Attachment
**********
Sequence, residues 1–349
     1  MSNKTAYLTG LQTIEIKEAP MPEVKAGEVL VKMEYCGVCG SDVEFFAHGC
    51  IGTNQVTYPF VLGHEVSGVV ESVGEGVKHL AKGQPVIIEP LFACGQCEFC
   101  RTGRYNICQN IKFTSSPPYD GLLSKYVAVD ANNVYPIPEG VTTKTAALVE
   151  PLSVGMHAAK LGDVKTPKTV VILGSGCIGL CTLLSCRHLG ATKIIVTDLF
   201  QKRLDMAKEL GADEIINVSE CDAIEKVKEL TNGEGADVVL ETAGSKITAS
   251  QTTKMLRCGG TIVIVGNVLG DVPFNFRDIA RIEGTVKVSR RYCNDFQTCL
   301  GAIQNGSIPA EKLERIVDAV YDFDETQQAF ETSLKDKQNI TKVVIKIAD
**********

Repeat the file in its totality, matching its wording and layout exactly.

Sequence, residues 1–349
     1  MSNKTAYLTG LQTIEIKEAP MPEVKAGEVL VKMEYCGVCG SDVEFFAHGC
    51  IGTNQVTYPF VLGHEVSGVV ESVGEGVKHL AKGQPVIIEP LFACGQCEFC
   101  RTGRYNICQN IKFTSSPPYD GLLSKYVAVD ANNVYPIPEG VTTKTAALVE
   151  PLSVGMHAAK LGDVKTPKTV VILGSGCIGL CTLLSCRHLG ATKIIVTDLF
   201  QKRLDMAKEL GADEIINVSE CDAIEKVKEL TNGEGADVVL ETAGSKITAS
   251  QTTKMLRCGG TIVIVGNVLG DVPFNFRDIA RIEGTVKVSR RYCNDFQTCL
   301  GAIQNGSIPA EKLERIVDAV YDFDETQQAF ETSLKDKQNI TKVVIKIAD